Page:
Endurance Training Aqua Class

Tuesday, June 28 2022

Take away a simple HIIT template for your classes. Sharlie and stellar student Shelley (Sharlie’s mom) are back with another Shockwave Aqua Fitness class.  This dual depth template was designed to help class participants improve their stamina and endurance with a simple formula that includes sets of four exercises, with each exercise performed for 20, 40 and 60 seconds.


  • Sharlie’s desire to improve her participants stamina in class was the inspiration for 20 40 60 HIIT.
  • What does the 20 40 60 HIIT class format include?
  • Why was this workout created as dual depth?
  • What is the recommended music tempo for this workout?

"20 40 60 HIIT is one of  most popular class formats,” says Sharlie Peterson, lead instructor for Shockwave Aqua Fitness which is based in Topeka, Kansas.  “We structured this format to challenge class members’ stamina by introducing a gradual buildup of endurance and all-out effort.”  This class resign was a direct result of member feedback according to Sharlie. “One of the most frequently asked questions I would get from members was how they could build their stamina in class so that they could get better results.”   Based questions and feedback, Sharlie was inspired to design a HIIT format that would gradually build endurance with ascending work times. In this simple template, each set includes four exercises that gradually increase in duration in order to improve cardiorespiratory endurance.  “Most HIIT formats feature short bursts of effort, which can be good, but in 20 40 60 HIIT we encourage a gradual buildup of duration to more effectively improve long-term stamina and proper breathing.”  Watch Sharlie talk more about the 20 40 60 method.

The 20 40 60 HIIT format includes a warm-up, cool down and four segments of four exercises (8 minutes each) for a total time of 45 minutes.  The four working segments target cardio, core and strength training with foam dumbbells.  This is an easy-to-teach format for instructors and easy-to-follow for class members. There are four exercises in each segment.  Each exercise is performed first for 20 seconds of work and 10 seconds rest, followed by 40 seconds work and 15 seconds of rest.  The third and final time, the exercise is performed for 60 seconds of maximum effort.  A minute never felt so long! In between each of the segments, a one-minute recovery period is recommended to allow the body to recover and reset for the next round. This is also a good time for the students to get hydrated. Foam dumbbells are used in one of the segments.  However, the exercises can also be performed without if you or a class member prefers.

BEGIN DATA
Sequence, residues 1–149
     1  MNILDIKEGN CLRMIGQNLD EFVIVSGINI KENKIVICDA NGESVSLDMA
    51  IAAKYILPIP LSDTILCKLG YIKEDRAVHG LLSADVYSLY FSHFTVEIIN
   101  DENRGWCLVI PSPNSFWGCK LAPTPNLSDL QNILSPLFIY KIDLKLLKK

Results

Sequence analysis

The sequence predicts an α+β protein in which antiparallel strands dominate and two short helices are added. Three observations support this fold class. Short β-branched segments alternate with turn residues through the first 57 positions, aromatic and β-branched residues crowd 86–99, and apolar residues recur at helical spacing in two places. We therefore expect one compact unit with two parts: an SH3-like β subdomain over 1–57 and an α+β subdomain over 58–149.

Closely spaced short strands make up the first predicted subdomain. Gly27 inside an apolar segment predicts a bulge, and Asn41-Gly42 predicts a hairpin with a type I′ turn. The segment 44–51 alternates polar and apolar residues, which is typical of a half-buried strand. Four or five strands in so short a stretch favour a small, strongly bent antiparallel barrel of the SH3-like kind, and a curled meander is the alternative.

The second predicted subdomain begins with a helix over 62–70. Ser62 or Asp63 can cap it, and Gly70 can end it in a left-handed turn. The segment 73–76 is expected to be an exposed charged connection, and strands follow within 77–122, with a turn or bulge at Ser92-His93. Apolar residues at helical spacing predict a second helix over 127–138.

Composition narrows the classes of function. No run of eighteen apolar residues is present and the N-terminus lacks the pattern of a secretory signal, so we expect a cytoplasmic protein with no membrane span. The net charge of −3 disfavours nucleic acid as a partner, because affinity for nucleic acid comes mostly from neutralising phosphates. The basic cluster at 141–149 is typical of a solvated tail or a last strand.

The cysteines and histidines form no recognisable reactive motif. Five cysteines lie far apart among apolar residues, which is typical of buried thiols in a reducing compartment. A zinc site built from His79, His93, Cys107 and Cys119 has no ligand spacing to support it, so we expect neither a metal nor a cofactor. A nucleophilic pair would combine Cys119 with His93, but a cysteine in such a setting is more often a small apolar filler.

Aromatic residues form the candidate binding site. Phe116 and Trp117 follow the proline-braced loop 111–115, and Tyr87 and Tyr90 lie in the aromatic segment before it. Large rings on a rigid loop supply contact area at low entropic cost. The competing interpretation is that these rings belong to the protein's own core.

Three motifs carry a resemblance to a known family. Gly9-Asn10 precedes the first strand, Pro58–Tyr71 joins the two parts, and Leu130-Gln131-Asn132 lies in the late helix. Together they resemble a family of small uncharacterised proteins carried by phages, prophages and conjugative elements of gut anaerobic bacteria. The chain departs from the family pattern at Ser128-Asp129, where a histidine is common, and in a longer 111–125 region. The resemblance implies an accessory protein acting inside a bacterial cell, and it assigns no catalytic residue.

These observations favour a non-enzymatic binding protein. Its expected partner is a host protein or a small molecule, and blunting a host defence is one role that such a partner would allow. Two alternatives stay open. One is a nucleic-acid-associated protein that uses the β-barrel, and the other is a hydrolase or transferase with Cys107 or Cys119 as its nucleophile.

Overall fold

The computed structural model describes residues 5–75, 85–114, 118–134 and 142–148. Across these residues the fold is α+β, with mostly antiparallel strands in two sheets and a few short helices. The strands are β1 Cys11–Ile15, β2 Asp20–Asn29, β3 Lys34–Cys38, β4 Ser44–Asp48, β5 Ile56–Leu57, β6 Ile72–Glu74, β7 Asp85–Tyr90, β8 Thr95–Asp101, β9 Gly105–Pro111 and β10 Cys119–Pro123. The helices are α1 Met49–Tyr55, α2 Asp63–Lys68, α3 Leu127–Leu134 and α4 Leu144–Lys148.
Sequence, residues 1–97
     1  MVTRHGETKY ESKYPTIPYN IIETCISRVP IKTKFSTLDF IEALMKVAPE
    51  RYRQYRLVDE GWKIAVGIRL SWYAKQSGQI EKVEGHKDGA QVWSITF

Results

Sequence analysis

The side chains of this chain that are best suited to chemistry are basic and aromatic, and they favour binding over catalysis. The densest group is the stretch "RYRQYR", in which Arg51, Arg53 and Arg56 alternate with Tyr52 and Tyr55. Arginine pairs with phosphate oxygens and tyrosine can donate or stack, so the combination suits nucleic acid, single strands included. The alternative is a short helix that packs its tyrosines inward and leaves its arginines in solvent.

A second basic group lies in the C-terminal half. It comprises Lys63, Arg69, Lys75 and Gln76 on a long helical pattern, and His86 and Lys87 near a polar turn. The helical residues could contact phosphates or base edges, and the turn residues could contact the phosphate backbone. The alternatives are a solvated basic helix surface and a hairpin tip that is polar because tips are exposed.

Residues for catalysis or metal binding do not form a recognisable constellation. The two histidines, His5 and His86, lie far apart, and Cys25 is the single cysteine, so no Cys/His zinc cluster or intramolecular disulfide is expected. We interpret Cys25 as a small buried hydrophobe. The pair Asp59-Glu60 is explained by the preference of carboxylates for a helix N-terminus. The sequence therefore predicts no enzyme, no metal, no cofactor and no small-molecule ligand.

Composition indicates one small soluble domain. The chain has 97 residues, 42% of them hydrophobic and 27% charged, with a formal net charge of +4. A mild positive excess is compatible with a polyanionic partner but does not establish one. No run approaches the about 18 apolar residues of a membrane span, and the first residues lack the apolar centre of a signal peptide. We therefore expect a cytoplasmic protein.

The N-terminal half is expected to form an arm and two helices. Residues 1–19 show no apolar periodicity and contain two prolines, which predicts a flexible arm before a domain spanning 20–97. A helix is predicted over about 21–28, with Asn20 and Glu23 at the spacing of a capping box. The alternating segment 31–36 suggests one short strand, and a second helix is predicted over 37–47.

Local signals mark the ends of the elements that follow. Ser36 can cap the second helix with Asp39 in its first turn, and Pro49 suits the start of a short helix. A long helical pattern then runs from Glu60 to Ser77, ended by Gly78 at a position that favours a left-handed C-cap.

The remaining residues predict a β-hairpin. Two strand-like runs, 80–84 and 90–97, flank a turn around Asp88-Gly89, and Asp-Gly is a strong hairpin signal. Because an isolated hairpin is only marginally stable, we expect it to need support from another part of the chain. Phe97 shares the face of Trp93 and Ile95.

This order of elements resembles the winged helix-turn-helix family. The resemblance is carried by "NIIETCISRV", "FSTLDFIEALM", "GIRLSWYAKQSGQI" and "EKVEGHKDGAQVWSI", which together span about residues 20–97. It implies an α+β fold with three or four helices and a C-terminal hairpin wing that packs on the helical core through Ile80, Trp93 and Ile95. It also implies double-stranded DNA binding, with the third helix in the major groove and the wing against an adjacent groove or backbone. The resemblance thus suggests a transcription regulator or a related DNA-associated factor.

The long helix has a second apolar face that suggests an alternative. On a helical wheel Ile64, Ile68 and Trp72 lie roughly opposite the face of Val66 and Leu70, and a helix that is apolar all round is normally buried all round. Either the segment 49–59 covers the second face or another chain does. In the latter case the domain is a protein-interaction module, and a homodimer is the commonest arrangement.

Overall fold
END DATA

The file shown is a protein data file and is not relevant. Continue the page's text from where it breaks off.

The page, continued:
20 40 60 HIIT can be performed in both deep and shallow water.  Designing a workout in this dual depth manner maximizes pool space and provides the greatest amount of customer satisfaction. The main requirement for creating a dual depth format is to make sure the moves are basic enough that they can be performed in both depths.  HIIT workouts typically feature basic, athletic movements and are ideal for dual depth programming.  Students who perform the workout in the deep end should wear a flotation belt in order to ensure the exercises are done safely and properly. 

The cadence in dual depth workouts needs to be ideal for people exercising in both deep and shallow water.  The Aquatic Exercise Association (AEA) recommended tempo for shallow water cardio classes is 125 -150 bpm.  The recommended tempo for deep water cardio classes is 100 -135 bpm.  Therefore, a good tempo for dual depth would be 128 – 132 bpm.  However, HIIT workouts typically do not require a set tempo because the music is intended to be motivational only.  The class members simply perform the exercises at whatever cadence they are comfortable with. 

Fitmotivation extends a big thank you to Sharlie and Shelley for sharing their passion and enthusiasm for water fitness with subscribers.  Stay tuned for another Shockwave Aqua Fitness video posting in August.

Author: Mark Grevelding is the founder of Fitmotivation. He is also a training specialist and consultant with the Aquatic Exercise Association’s (AEA). Mark has been active in the fitness industry for 22 years as a group fitness instructor, personal trainer, international presenter and a continuing education provider for AEA, AFAA & ACE.